Facts about this animal
The carapace, which may reach a length of up to 18 cm, is distinctly flattened, depressed in shape. Due to large fenestrae in the bones the shell is extremely thin and soft and moves in and out when the animals breathe. This thin and flat shell does not offer any protection against predators as the hard and high-domed shells of other tortoise species do. Indeed, when a disturbed, pancake tortoises retracts its head only briefly in the shell before it flees into a rocky crevice to hide. They can reach relatively high speeds, at least for a tortoise species. One animal was clocked at a speed of 18 m / min. In the crevices they wedge themselves tightly between the rocks by inflating their lungs and by extending and bracing the hind limbs. The crevices they choose usually consist of a rocky floor and a rocky ceiling and can be as deep as two meters and at least partly as narrow as 5 cm. The colour is highly variable; sometimes with a light starred pattern on a light yellow to brown or even dark brown carapace, sometimes also a very bright creamy ground colour with a dark striped pattern.
The animals live in rocky outcrops, so-called kopjes, and rocky hills in the savannah and thornbush areas of the Somali-Masai floristic regions. The altitudinal range is limited to 1800 m NN. In general this species has a very secretive life and spends most of the time inside the crevices. The German name “Spaltenschildkröte”, which was created at Leipzig Zoo in the 1930ies, refers to this habit. Usually a single animal or a pair inhabit one crevice, sometimes more than two specimens are found, in very rare occasions up to eleven. Especially large females seem to have a very high crevice fidelity and use the same crevice for several years. It seems that Malacochersus tornieri remain inactive in their crevice during the relatively cool and very dry season, that takes place from June to September. Active animals have been reported during the rainy season in November through to February. But even during this season the species has a secretive life style and has not been observed outside of a crevice for longer than 46 minutes.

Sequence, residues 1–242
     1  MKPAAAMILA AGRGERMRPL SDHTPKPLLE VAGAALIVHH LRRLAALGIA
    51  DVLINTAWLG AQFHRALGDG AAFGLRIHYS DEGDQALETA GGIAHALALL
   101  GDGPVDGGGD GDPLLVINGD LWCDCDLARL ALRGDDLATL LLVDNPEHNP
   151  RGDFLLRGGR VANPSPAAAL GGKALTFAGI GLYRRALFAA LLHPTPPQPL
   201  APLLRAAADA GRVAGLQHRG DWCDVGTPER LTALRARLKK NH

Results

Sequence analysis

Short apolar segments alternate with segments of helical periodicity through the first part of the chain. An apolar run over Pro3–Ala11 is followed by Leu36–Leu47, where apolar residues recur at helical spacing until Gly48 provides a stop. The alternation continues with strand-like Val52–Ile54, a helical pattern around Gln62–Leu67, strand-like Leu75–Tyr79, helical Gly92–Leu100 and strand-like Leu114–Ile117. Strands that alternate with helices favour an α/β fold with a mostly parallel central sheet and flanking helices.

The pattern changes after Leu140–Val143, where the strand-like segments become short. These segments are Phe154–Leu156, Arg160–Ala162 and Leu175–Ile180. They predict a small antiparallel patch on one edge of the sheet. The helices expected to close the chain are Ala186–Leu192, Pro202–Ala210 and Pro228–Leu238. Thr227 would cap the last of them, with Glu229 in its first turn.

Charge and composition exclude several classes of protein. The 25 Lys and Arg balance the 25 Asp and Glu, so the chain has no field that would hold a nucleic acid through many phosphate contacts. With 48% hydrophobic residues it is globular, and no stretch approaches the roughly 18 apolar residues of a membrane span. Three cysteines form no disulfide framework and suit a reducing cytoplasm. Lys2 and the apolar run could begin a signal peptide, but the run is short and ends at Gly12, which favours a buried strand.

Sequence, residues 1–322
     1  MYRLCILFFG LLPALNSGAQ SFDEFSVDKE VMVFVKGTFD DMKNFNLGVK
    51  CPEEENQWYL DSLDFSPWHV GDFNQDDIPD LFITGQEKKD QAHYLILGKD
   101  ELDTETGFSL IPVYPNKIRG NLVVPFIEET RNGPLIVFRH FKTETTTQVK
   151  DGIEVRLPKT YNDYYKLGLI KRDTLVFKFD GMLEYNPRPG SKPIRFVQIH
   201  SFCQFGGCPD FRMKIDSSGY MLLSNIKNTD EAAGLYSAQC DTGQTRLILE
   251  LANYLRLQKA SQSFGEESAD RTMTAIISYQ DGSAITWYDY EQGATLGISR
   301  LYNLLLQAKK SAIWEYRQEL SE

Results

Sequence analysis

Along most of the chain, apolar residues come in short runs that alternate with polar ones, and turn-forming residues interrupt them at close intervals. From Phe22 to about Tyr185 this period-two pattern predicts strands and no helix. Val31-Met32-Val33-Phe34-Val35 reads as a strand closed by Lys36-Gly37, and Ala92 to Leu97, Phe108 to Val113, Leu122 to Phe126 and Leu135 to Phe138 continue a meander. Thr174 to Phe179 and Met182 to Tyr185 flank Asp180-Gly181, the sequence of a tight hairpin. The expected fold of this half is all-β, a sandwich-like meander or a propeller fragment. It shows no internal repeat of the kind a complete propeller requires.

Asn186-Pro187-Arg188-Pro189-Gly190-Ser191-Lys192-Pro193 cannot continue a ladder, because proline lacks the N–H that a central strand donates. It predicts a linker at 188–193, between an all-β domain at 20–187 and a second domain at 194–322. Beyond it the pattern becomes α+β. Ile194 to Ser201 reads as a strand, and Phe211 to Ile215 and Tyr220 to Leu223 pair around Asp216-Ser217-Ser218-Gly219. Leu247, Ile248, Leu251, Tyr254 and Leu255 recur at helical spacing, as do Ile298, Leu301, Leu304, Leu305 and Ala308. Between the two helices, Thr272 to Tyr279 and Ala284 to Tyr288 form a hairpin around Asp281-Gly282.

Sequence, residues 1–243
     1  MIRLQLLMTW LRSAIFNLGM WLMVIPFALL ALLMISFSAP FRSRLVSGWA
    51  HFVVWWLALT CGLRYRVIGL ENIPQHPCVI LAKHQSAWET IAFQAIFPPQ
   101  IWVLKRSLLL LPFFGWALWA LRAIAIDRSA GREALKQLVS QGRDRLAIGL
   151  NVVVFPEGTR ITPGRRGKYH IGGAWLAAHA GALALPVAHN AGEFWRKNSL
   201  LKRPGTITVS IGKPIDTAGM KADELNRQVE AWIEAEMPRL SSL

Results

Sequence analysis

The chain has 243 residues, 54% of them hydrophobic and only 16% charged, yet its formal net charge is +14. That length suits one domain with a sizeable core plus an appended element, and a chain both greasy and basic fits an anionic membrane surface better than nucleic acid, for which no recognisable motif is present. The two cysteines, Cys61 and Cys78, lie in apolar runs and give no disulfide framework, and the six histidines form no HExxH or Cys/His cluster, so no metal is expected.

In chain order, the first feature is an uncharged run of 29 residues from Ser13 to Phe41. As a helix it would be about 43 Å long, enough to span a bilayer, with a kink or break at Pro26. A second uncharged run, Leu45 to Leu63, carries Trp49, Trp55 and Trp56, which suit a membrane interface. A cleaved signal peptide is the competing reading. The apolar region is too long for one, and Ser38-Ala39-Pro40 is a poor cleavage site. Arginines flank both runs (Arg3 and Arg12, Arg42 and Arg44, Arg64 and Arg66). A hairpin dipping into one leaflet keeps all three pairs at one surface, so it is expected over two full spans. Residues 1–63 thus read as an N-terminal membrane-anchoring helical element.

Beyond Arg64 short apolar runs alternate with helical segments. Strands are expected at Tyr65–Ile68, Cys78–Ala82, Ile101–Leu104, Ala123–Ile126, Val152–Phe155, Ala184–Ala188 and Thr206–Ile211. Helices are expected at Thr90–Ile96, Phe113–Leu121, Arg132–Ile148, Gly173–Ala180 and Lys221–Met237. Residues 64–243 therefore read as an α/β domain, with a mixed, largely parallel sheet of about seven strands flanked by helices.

Mating has been observed in the rainy season, gravid females have been observed in April and June. The clutches usually consist of one large, rarely two eggs. In human care some females have produced five clutches in one season. Whereas some females bury the eggs in the soil, some females obviously deposit them in crevices.
Malacochersus tornieri is a herbivorous species and feeds upon leaves and stems but also on seeds and nuts of several plant species.
Did you know?
that collection for the pet trade is probably the major threat to the pancake tortoise's continued survival in the wild? Their curiosity value, combined with their small size, has fueled large scale collection of these tortoises for the pet trade and they are commonly seen for sale in local pet stores.
|Name (Scientific)||Malacochersus tornieri|
|Name (English)||Pancake Tortoise|
|Name (French)||Tortue à carapace souple|
|Name (Spanish)||Tortuga de cuña|
|Local names||kiSwahili: Kobe|
|CITES Status||Appendix II|
|CMS Status||Not listed|
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|Habitat||Rocky hills, outcrops in arid scrub and savanna|
|Zoo population||365 reported to ISIS|
In the Zoo
How this animal should be transported
For air transport, Container Note 43 of the IATA Live Animals Regulations should be followed.
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Why do zoos keep this animal
Due to commercial collecting of the species for international pet trade and disruption and elimination of indigenous vegetation for agricultural use in the habitat this species is threatened in the wild and listed as vulnerable. The very low reproduction rate and the patchy distribution make it very difficult for the species to repopulate emptied habitats. Therefore it is of vital importance to keep an ex-situ breeding population of this species in the zoos.
Although this species has a secretive life style and spends most of the time hidden inside crevices, it can be recommended without any restrictions for keeping in zoos also for educational purposes as their morphological features represent a perfect adaptation to a special environment for education of zoo visitors. These morphological peculiarities and its biology are absolutely unique for a chelonian species. This astonishing appearance is so unusual for a tortoise species that it lead the famous Austrian zoologist Siebenrock to believe that the holotype, which he described in 1903, was either a sickly rachitic specimen or preserved in a faulty way.